CLAD in the Irish Setter by - Dr Jeff Sampson BSc.,DPhil    


CLAD stands for Canine Leucocyte (sometimes spelt Leukocyte) Adhesion Deficiency and is an 
inherited condition that exists in the Irish Setter population. The condition, first described 
clinically in the United States, is related to the same disease in humans (LAD) and cattle (BLAD). 
Affected pups die early in life from multiple infections, usually recurrent infections of the skin 
and bone marrow, even when treated with massively high doses of antibiotics. This is a 
devastating inherited condition that leads to fatal immunodeficiency.


The genetics of the condition in the Irish Setter are known; it is caused by a single recessive 
mutation in a gene that is responsible for controlling a crucial aspect of white blood cell function. 
Because the condition is caused by a recessive mutation affected puppies must inherit two 
copies of the mutant gene, one from the dam and one from the sire. Since affected dogs do 
not normally reach sexual maturity, affected puppies are normally the consequence of a mating 
between two carriers of the CLAD mutation.


The fact that CLAD is identical to a disease in man and cows has greatly aided the search for 
the CLAD mutation, because the genetic mutation causing human LAD and bovine LAD (BLAD) 
is known. This knowledge enabled a research group at the University of Uppsala in Sweden, 
led by Dr Leif Andersson, to show that the same mutant gene causes CLAD in the Irish Setter. 
They have now used this newly-acquired information to develop a DNA test for the mutant gene, 
a test that is being currently offered at the Animal Health Trust.

The test is able to distinguish the mutant gene from its normal counterpart. Remember:


* CLEAR dogs will have two copies of the normal gene and be clinically clear,


* CARRIER dogs will have one mutant gene and one normal gene and beclinically clear,


* AFFECTED dogs will have two copies of the mutant gene and be clinically affected.


So, how does an individual get one of their dogs tested? You will need to get a ‘DNA Test 
Request Form’ from the Animal Health Trust, available from Mrs Penny Rothoff-Rook 
(01638 751000 ex 1231). The form requires the name and KC Registration number of the dog, 
its microchip or tattoo number (if applicable) and a signed declaration by the owner. 
This signature is crucial because an important part of this declaration is that the owner 
agrees that the result of the test on the stated dog be made public. The owner then
submits the request form together with a blood sample that has been taken by a veterinary  surgeon.


Once the blood sample is returned to the Animal Health Trust it is processed in the laboratory 
to produce a DNA sample that can then be analysed. Once this analysis is complete a certificate 
is issued stating that the dog is either CLEAR of, or a CARRIER of, CLAD. A copy of the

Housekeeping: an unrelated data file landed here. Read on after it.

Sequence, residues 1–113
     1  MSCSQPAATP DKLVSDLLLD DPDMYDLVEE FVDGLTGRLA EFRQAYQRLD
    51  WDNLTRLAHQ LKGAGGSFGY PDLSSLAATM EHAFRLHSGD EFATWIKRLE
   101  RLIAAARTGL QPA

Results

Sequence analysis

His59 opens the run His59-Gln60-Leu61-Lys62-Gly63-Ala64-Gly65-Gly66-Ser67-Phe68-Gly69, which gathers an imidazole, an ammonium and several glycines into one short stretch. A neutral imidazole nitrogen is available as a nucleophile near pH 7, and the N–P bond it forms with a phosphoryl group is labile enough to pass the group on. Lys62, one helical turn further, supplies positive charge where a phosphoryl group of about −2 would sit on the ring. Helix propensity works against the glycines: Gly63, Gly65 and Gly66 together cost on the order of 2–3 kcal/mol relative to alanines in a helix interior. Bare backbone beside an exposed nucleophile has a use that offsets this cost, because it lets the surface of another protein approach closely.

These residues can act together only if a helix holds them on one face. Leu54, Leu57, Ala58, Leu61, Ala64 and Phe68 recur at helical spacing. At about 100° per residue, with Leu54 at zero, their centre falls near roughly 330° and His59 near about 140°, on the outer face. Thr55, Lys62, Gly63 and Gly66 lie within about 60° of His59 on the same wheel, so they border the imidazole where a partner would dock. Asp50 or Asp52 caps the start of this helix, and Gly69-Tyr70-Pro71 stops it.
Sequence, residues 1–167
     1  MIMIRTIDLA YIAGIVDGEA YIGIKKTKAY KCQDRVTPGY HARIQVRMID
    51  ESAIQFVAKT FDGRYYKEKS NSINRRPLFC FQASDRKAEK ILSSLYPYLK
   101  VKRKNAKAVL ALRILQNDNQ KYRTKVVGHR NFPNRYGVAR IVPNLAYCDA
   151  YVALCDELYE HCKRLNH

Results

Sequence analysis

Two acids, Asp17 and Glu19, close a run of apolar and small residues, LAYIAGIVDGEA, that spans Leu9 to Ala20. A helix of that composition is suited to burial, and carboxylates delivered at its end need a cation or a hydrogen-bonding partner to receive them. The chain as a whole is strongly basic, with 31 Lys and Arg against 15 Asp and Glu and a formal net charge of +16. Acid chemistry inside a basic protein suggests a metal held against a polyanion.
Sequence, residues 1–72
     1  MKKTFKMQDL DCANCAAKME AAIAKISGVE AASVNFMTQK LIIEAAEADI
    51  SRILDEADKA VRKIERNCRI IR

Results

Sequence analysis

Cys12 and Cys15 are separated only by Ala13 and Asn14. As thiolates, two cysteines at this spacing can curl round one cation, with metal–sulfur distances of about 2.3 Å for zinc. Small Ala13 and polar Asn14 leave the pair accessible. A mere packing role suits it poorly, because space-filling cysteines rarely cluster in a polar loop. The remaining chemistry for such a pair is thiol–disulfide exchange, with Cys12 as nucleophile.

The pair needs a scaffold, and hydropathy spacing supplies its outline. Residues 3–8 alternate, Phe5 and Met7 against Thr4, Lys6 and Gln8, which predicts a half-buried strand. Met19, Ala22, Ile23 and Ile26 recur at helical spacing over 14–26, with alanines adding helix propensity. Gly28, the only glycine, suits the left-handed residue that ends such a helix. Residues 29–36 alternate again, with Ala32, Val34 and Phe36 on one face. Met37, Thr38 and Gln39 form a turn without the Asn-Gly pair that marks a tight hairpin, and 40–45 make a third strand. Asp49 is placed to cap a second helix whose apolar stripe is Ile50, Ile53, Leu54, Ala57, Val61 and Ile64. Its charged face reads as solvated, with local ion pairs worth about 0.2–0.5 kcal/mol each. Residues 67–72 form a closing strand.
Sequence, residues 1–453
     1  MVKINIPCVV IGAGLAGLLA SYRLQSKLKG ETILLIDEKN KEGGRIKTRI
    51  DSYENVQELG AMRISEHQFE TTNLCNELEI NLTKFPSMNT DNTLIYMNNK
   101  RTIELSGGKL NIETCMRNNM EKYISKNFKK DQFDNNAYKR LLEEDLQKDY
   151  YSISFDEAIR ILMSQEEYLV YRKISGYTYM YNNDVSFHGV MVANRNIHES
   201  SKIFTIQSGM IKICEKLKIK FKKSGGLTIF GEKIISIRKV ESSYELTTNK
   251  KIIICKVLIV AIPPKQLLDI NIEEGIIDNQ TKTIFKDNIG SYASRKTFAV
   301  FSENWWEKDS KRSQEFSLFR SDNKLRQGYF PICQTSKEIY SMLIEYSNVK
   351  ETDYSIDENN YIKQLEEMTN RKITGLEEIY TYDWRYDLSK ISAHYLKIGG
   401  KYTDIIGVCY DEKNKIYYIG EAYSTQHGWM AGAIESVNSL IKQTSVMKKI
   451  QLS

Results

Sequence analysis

certificates issued will be sent to The Kennel Club and used to maintain a database of clear 
and carrier Irish Setters; test results of individual dogs will also be published in the Breed Record Supplement. 
It is intended that this regularly updated database will be readily available to all 
Irish Setter owners/breeders so that they can use the information when thinking about breeding programmes.


Why is testing important? The main value is that it unambiguously identifies carriers of the 
condition, dogs that are clinically clear and will never develop CLAD but who will pass on 
the mutant gene to approximately half of its offspring. If two carriers are mated, approximately 
25% of the litter will inherit a mutant gene from the dam and a mutant gene from the sire and 
be affected with CLAD. Being able to identify carriers will allow owners to avoid mating two
carrier animals and prevent the birth of CLAD-affected puppies. Crucially, the availability of 
the DNA test allows carrier dogs to be used in breeding programmes, thus allowing the preservation 
of potentially important breeding lines.


If proven carriers are only mated to genetically clear dogs,
the very worse that happens is that about 50% of the litter will be carriers, the other 50% will 
in fact be genetically clear. Furthermore DNA testing the puppies in the litter will sort the 
offspring into carriers and clears. The clears thus identified can then be used to continue a breeding programme.

If owners take full advantage of the available test, and ensure that carriers are only ever mated 
to clears and, crucially, only use the clear progeny to continue a mating programme, the frequency 
of the mutant gene will drop quickly in the population. There will then be a significant reduction
in the disease burden caused by this particular condition. I think one of the main points to make 
is that the DNA test will allow breeders to reduce the frequency of the mutant gene without having 
a significant affect on the overall gene pool in the Irish Setter; important blood lines will still be 
able to be preserved if they have carriers in them.